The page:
Another week of growth in the oil patch lifted the U.S. rig count three units to 323 for the week ending Friday (Dec. 4), according to the latest figures published by oilfield services provider Baker Hughes Co. (BKR).
The United States saw a net increase of five oil-directed rigs for the week, offsetting a decline of two natural gas-directed units. The combined U.S. tally ended the period nearly 500 rigs shy of the 799 active units in the year-ago period, according to the BKR numbers, which are based on data provided in part by Enverus Drillinginfo.
Over the past three months, the U.S. count has risen by nearly 70 rigs, and oil-directed drilling has accounted for nearly all of that increase. The natural gas rig count has seen relatively little growth during that time frame. U.S. natural gas rigs stood at 72 in early September, versus 75 during the current week, BKR data show.
Land drilling increased by two in the United States for the week, while one rig was added in the Gulf of Mexico. Horizontal rigs increased by six, along with the addition of one vertical unit. Those gains were partially offset by a net decrease of four directional rigs.
The overall Canadian rig count was flat week/week, with a two-rig increase in oil rigs offsetting a two-rig decrease in natural gas rigs. The Canadian count finished the period 36 units behind its year-ago total of 138.
The combined North American rig count ended the week at 425, versus 937 in the year-ago period.
Among major plays, the Permian Basin led the way during the week, picking up three rigs to grow its total to 164, versus 400 a year ago. The Denver-Julesburg/Niobrara formation added two rigs for the week, while the Utica Shale added one. The Marcellus Shale posted a net decrease of two rigs week/week.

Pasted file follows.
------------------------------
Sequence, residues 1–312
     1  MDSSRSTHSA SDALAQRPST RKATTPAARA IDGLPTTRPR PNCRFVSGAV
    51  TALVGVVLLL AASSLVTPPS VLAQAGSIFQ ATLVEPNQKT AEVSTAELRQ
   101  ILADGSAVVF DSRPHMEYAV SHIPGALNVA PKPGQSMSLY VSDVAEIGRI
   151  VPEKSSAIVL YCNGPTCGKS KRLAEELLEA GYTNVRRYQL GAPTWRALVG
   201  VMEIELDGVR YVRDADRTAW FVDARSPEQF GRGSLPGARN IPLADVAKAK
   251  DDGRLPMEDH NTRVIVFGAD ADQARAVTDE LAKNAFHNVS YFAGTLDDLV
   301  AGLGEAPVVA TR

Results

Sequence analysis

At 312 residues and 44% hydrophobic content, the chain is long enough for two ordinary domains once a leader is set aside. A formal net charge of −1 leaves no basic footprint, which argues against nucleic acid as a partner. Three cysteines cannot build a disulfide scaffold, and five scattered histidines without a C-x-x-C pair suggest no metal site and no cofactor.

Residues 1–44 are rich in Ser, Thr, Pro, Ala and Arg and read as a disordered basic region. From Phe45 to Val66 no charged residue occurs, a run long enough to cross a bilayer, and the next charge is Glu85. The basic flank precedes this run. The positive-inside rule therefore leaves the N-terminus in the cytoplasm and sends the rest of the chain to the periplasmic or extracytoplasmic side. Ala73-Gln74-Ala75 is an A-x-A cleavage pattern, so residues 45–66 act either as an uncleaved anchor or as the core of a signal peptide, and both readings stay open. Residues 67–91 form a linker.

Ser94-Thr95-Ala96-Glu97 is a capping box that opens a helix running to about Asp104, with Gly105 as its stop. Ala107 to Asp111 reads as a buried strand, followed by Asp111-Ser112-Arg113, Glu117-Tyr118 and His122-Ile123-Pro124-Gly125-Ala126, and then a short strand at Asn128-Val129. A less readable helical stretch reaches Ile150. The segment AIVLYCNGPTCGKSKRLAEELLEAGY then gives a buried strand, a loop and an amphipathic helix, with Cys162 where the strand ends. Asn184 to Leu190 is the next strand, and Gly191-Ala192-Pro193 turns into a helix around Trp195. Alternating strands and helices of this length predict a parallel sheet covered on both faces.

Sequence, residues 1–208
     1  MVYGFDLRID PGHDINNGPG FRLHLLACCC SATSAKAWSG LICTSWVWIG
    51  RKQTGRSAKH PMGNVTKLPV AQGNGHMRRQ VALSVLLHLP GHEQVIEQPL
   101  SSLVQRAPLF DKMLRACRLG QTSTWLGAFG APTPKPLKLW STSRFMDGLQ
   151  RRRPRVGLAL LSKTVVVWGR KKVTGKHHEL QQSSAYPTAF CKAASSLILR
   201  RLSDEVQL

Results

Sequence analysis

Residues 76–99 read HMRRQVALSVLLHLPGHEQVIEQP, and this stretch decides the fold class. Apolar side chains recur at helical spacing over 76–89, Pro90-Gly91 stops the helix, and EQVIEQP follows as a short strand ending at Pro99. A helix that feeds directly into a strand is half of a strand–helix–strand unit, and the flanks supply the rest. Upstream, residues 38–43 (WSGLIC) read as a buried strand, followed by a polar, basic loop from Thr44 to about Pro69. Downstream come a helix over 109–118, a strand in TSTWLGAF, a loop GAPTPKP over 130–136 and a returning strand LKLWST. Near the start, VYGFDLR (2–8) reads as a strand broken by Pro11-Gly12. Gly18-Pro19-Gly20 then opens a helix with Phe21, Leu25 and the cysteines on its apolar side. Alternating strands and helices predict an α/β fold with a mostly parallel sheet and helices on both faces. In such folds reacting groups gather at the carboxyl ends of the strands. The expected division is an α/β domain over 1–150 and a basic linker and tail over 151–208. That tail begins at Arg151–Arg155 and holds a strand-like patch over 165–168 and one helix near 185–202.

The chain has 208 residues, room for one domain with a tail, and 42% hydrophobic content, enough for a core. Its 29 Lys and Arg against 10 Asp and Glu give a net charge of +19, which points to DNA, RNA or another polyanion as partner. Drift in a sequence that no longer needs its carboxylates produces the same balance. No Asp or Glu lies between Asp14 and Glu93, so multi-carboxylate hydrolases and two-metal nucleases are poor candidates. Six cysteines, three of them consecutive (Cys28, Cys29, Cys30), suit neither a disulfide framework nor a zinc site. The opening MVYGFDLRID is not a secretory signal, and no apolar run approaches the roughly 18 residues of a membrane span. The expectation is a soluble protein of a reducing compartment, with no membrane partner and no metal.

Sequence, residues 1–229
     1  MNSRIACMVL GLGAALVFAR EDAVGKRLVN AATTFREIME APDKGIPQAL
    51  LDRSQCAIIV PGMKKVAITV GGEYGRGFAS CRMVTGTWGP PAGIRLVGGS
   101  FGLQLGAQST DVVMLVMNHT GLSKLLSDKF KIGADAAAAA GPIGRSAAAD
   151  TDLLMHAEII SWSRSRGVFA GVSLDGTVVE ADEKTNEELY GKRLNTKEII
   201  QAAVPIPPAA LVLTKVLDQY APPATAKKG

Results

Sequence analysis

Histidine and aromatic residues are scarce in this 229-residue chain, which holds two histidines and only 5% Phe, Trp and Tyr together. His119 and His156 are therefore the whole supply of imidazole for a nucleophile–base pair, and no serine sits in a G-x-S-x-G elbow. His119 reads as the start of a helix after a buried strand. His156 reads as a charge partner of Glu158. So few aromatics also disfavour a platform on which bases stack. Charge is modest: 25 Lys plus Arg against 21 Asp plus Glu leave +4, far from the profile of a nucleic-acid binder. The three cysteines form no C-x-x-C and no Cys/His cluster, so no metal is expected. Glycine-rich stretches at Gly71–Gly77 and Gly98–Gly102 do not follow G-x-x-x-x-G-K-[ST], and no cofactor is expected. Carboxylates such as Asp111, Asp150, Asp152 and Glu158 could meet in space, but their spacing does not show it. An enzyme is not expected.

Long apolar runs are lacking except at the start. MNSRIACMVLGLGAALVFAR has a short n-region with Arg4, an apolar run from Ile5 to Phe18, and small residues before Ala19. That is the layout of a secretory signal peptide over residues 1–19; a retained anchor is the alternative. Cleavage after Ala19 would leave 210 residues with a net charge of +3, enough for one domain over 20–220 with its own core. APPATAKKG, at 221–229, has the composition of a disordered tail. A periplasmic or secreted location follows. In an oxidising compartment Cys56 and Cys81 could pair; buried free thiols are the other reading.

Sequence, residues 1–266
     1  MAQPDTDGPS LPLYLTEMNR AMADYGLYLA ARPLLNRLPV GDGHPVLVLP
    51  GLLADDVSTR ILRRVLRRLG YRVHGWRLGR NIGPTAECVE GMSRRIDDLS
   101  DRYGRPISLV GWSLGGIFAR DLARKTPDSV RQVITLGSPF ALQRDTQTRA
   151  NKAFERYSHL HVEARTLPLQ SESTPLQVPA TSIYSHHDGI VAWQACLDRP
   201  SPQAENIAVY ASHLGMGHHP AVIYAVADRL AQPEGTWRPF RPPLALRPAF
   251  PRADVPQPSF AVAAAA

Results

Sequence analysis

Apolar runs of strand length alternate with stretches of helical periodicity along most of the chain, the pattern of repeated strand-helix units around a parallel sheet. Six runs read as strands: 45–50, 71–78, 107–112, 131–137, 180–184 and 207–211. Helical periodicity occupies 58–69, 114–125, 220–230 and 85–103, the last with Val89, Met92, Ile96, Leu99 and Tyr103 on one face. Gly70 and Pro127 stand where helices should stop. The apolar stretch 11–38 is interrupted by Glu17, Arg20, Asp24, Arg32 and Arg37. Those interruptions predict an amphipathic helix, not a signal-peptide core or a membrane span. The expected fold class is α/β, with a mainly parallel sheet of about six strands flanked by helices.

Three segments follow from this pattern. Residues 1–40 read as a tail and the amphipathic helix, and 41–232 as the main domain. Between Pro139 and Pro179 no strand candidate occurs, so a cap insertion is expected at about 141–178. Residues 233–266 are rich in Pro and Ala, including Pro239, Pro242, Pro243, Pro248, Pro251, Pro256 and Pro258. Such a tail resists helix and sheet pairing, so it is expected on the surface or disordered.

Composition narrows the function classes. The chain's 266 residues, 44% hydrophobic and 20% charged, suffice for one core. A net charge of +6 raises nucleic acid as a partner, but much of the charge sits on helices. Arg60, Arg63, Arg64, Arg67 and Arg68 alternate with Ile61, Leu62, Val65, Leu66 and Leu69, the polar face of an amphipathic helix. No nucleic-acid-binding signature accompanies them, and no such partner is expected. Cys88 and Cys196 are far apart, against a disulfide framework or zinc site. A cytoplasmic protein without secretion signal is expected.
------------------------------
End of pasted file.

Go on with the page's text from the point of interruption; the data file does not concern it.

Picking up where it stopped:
Broken down by state, BKR recorded a three-rig decline in Pennsylvania, with California and Wyoming each dropping one rig from their respective totals. Texas, Colorado and West Virginia each saw a net increase of two rigs for the week, while Louisiana and New Mexico each added one.
The Organization of the Petroleum Exporting Countries and its allies, aka OPEC-plus, earlier in the week agreed to boost production beginning in January by 500,000 b/d, ending a multi-day standoff over the timing and volume of an output increase because of concerns that new coronavirus outbreaks could dampen demand into early 2021.
Members also agreed to review output every month between January and April, with further monthly adjustments during that period not to exceed 500,000 b/d.
This comes as the International Energy Agency (IEA) is forecasting a 10% year/year decline in global energy consumption in the transportation sector in 2020, including an 11% drop in oil consumption.
“The Covid-19 crisis has led to an unprecedented collapse in commercial flights and air passenger traffic,” IEA said, citing government orders last spring that curtailed travel across North America, Europe and Asia.
“At the height of travel restrictions in April, there were 65-75% fewer commercial flights globally compared with April 2019, and a 98% reduction in international passenger demand,” the agency added. “While flights have since gradually resumed, they remained at around 45% of 2019 levels as of September.”
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